Is Your Food Plan Hard to Follow?
By Joan Kent, PhD
Here's one reason you may have trouble sticking with your food plan.
Let's start here: Do you have food cravings? And are the cravings specifically for sugary foods and other junk?
Next: Do you give in to the cravings by eating the foods you crave, especially sugar? If you answered "yes," it's possible that your way of handling cravings is actually creating more cravings.
Not Always Hormones or Stress
It's easy to blame premenstrual hormones, stress or something else, but eating sugar when you crave it is a virtual guarantee that you'll crave it again – later that day, the next morning, other times of the day, and possibly for two or more days after you've had it.
No, this isn't the case for everyone. Some people really do have a take-it-or-leave-it reaction to sugary foods.
Still, food cravings are common. And it seems to be common "wisdom" that the way to deal with those cravings is to eat a little bit of whatever you crave.
I seriously question the wisdom of that perspective. Yes, of course, eating what you crave will take away a craving – after all, you just ate what you craved.
But the cravings will return – often stronger than before. You may be setting yourself up for these future cravings, and almost guaranteeing that they become too strong to resist.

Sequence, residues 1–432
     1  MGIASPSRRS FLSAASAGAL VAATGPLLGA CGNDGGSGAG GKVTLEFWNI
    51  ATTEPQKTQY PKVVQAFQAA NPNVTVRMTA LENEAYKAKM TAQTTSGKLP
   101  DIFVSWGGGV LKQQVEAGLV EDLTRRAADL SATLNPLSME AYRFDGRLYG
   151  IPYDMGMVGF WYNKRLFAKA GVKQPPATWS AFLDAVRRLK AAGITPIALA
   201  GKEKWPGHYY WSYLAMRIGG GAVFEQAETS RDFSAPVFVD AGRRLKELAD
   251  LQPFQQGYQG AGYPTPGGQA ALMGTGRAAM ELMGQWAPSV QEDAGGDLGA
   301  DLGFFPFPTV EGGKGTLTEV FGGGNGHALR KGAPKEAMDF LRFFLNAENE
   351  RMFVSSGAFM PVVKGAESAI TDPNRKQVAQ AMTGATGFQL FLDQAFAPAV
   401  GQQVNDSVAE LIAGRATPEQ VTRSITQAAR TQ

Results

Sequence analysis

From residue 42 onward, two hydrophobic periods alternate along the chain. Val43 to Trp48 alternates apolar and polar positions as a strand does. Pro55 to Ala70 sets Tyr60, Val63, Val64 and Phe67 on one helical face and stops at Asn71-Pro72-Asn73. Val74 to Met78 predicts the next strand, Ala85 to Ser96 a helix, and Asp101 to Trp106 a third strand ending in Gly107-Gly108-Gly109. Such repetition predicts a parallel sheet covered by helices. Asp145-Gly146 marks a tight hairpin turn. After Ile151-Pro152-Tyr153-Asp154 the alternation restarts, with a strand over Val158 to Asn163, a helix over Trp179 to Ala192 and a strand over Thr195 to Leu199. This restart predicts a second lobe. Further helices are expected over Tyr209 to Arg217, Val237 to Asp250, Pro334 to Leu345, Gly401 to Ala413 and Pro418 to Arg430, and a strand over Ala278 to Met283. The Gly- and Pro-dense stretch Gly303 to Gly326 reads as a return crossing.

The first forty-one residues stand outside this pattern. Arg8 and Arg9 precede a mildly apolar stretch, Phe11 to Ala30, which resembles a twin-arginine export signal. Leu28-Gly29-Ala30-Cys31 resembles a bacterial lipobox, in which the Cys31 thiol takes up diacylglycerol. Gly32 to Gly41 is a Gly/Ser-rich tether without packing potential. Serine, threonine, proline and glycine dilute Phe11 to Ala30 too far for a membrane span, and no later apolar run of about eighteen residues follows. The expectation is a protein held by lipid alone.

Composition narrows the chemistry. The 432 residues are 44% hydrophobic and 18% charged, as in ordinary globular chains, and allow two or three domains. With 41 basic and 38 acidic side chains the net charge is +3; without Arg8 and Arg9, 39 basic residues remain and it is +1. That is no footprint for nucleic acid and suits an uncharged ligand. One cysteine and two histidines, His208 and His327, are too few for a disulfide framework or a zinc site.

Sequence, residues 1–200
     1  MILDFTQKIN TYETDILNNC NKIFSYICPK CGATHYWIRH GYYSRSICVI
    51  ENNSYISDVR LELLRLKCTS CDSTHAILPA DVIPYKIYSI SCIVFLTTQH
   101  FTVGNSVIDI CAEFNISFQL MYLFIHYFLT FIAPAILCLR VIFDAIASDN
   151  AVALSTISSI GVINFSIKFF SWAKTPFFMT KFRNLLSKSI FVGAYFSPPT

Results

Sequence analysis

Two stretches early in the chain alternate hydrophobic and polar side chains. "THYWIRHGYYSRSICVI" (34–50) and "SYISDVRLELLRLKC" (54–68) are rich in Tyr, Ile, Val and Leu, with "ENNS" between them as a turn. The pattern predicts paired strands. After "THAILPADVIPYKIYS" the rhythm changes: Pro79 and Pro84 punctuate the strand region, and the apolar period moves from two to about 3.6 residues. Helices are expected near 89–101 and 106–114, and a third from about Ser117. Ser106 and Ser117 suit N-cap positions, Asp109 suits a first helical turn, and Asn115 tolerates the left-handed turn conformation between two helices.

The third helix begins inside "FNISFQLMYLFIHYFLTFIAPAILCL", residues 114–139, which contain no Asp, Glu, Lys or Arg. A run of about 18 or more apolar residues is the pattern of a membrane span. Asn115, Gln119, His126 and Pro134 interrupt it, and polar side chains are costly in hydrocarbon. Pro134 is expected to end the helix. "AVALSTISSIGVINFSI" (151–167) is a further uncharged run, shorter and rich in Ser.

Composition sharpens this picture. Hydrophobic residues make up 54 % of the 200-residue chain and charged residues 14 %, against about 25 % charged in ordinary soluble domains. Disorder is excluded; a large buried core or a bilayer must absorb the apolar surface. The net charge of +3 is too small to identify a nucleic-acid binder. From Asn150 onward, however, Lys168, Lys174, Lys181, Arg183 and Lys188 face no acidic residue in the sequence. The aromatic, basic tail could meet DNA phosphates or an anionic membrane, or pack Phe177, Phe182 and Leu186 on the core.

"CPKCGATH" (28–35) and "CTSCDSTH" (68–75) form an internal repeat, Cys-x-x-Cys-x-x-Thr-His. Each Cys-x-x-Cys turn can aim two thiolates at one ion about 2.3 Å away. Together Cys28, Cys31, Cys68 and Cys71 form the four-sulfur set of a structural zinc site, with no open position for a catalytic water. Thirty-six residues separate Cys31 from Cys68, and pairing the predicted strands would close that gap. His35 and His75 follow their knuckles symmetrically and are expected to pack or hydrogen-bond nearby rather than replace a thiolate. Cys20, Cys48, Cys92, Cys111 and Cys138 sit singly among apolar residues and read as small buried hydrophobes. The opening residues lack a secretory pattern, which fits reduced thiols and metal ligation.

What to Do Instead
This approach takes self-discipline when you have a craving, but stay with me. For short-term craving relief, here's a solution before I've proposed before – and I stand by it.
Take 1 teaspoon of liquid B-complex when you have a craving. (First check with your doctor to be sure this solution is appropriate for you.)
Use B-complex, rather than any individual B vitamin.
Give the B-complex a few minutes – really! – to do its work.
Get on with your life, craving-free.
Now let's say your doctor has told you not to use B-complex, or you don't have B-complex available when a craving strikes. What's an alternative?
Eat a little high-fat food – even something you might not consider particularly healthful. Examples can include nuts (roasted and salted are fine), cheese, guacamole, or some other high-fat fare.
Combine those fats with a small amount of starch (most people say "carbs"). If you feel that won't be enough, add something hot and spicy. This is one reason guacamole will work well.
In any case, the combination will modify your brain chemistry so it resembles the brain chem you'd create by eating sugar – only you'll bypass the addictive response you would have to sugar.
It's a surprisingly good deal.
If I could do one and only one thing for my clients (and my non-clients), I'd love to communicate the absolute foolishness of eating what you crave – especially if the food is addictive.
A self-perpetuating cycle is characteristic of food addictions – and it's not worth the taste of sugar, which will only keep the cycle going.
If you'd like help eliminating cravings or even quitting sugar for good, that's what I do. Just visit www.LastResortNutrition.com and grab your free Empowered Eating Consult. Discover how easy it is to regain control, increase your energy, and feel fantastic. You can do this!
Brought to you by Dr. Joan Kent, best-selling author of Stronger Than Sugar: 7 Simple Steps to Defeat Sugar Addiction, Lift Your Mood, and Transform Your Health.